My daughter, JillAnn, asked if she could borrow a post on my blog to share something on her heart. I was only too happy to hand over the space.
First off, thank you to my dad for letting me steal some of his blog space. I’m John’s daughter and a junior at a small, southern liberal arts college. You may remember me by my alias, Christian Girl at College, under which I blogged my freshman year. I guess the blogging bug never goes away because when my academic and faith lives crashed together this week, my first instinct was to write. I had to riddle something out: what do you do when you’re obligated to overlook your Christian convictions?
In college, I’ve been exposed to different people and challenged by new ideas, which is exactly why I chose a liberal arts school in the first place. I fancy myself open-minded. So no one was more surprised than me at the email I wrote to my English professor last night.
A little background: I’m taking a class this semester that studies modernist British fiction. One of the required texts is Crash by JG Ballard, which you may know from the movie adaptation with Holly Hunter. The novel centers on car crash fetishists, and includes graphic depictions of sex and violence. I know that many people, including my professor, consider it a profound work of art. I don’t want to get into a debate over aesthetics, but to me, this book is degrading, desensitizing, and pornographic.
I believe whole-heartedly that God doesn’t want me to read this book. Let me be clear here: I am anti-censorship and never in a million years would I tell someone else that they can’t read a novel. I also don’t think sex is evil or wrong. It’s just that, in my opinion, Crash crossed the line. I felt emotionally and mentally violated just reading it. “Hear no evil, see no evil,” remember?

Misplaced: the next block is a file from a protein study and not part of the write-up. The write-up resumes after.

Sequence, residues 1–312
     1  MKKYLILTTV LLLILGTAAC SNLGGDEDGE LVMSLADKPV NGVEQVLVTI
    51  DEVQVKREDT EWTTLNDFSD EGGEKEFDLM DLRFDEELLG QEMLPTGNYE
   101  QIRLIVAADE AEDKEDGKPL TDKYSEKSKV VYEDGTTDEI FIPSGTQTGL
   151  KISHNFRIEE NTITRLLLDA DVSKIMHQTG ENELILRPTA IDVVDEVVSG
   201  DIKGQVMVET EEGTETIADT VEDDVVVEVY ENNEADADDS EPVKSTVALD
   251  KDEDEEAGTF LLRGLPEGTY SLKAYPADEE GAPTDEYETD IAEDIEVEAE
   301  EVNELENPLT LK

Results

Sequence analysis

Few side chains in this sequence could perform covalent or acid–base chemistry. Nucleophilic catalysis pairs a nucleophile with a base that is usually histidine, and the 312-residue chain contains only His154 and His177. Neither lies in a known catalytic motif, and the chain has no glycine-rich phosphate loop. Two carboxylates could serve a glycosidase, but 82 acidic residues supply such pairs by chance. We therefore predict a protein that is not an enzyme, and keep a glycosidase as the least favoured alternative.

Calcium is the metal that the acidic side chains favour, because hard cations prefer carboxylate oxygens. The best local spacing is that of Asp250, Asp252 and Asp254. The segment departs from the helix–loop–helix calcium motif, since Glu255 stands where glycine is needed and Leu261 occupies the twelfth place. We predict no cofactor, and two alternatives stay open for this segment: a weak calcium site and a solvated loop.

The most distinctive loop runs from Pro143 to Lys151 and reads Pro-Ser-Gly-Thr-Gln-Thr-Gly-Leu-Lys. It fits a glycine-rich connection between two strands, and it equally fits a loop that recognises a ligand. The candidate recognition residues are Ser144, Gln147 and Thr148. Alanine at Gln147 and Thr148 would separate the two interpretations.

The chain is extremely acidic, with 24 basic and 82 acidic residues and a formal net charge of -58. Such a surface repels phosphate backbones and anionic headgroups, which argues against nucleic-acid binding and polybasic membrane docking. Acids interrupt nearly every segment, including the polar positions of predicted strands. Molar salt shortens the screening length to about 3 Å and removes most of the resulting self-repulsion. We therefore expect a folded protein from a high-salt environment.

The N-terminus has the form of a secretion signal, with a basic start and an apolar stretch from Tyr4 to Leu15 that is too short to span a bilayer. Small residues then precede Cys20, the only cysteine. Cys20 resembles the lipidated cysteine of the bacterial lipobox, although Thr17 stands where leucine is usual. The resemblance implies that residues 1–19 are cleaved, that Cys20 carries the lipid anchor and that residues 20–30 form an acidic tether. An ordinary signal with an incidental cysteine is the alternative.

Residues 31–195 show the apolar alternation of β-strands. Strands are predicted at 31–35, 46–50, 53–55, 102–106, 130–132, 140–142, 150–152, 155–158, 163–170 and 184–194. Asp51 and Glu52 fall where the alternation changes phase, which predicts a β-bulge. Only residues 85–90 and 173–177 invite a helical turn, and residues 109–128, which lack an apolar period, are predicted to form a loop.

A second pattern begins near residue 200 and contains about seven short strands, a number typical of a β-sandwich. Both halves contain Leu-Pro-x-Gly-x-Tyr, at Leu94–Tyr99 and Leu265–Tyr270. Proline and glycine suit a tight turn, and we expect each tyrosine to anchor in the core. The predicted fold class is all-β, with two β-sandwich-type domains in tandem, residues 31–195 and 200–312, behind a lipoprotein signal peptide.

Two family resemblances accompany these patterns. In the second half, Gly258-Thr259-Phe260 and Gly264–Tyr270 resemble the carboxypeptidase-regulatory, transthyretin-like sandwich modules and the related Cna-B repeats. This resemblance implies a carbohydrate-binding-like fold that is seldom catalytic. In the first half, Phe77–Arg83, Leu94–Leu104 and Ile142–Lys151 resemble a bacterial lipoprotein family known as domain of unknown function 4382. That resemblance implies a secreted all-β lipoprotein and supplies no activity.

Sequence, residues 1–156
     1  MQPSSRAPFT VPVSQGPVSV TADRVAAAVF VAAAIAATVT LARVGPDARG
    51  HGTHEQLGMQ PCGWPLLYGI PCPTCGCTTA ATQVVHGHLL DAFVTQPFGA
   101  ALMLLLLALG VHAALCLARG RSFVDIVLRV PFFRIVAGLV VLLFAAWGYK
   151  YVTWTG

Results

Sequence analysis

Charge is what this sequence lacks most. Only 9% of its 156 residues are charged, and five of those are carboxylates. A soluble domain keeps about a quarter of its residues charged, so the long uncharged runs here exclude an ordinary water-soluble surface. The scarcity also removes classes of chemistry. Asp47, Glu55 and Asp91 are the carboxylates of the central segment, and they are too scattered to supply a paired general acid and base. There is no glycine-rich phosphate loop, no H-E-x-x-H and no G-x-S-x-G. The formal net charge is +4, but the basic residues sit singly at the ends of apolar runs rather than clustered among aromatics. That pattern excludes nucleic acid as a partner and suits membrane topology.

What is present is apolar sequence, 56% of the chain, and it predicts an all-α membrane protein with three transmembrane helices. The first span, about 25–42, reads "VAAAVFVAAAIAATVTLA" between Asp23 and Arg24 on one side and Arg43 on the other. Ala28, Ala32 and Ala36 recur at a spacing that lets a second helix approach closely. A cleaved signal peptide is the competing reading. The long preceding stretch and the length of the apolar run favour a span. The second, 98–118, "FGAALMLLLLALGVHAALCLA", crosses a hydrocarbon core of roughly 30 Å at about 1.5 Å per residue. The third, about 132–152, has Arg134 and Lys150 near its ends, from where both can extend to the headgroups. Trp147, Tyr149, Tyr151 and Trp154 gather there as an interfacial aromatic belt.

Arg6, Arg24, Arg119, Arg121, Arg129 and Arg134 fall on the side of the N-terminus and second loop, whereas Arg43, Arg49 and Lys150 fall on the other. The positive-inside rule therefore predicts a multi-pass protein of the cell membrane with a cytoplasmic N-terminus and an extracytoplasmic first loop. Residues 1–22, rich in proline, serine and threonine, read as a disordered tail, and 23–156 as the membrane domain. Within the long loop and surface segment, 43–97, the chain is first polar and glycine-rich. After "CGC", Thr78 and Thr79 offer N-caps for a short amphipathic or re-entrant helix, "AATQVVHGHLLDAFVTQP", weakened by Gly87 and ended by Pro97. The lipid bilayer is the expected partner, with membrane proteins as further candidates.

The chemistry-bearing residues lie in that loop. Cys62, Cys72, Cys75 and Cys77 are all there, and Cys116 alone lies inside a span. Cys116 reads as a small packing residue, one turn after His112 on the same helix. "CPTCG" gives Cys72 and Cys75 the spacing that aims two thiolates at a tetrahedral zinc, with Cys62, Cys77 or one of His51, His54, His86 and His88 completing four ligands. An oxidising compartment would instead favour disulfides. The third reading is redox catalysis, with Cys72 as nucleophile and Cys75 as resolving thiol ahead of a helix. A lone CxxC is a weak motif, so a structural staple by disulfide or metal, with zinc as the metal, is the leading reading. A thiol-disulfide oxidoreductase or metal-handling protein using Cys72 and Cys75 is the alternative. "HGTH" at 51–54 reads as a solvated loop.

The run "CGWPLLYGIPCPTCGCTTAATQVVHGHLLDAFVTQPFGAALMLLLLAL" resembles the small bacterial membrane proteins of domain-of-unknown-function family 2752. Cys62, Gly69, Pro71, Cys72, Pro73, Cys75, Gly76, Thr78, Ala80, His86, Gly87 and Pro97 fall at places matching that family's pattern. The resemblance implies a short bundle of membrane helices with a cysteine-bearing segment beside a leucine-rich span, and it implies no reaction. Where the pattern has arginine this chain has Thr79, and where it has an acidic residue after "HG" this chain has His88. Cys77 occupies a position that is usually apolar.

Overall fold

I had no idea what to do, how to respond. I am required by the course to read a book that I simply cannot read. I froze. I wasn’t prepared for my ideals and my aspirations to clash. I’ve never heard about this conflict in a sermon or a Bible study. Maybe that’s one more sign that the church has become too enmeshed with its surrounding culture. After all, if we agree on everything, there’s nothing to fight about. But Christ calls us to more complicated, more important living.
In my head, I know that. I know that we’re called to sacrifice anything and everything for Christ and this was hardly facing a lion in the arena, but how am I supposed to tell my professor that? I don’t want to play a “religion card.” I don’t want to fail the class and ruin my future!
It got me to thinking about way bigger theological thing-a-ma-jigs than one novel in one college class. We live in a secular world and a secular country – sorry, televangelists. And if we are living our faith as untamed as Christ calls us to live it, there will be times when our faith does not jive with the demands of that world. Sure, we’re supposed to be working for the kingdom to come, but in the moment? I mean, it’s just a little thing; I can let it slide this one time; I don’t want to make a scene.
Except that Jesus never let an opportunity slip by to transform his world. What if it would’ve caused too much trouble to talk to the woman at the well? What if the stakes were too high to save the adulteress? Radical change is the very foundation of the Christian life. That doesn’t always mean toppling oppressive regimes or exposing Foxconn or eradicating racism. Sometimes it’s the everyday choices about what TV shows you watch or who you eat with at lunch.
The end of my story is that the prof replied graciously, saying that he understood my concerns. It was my choice if I read Crash or if I attended class – though, thinking about it now, he didn’t say I wouldn’t be penalized. I split the difference; I didn’t read it, but I sat in class today and tried my best. Probably not the best solution. I guess we learn by doing.
Has your faith ever made trouble for you? How do you handle it when you’re called to disrupt the order?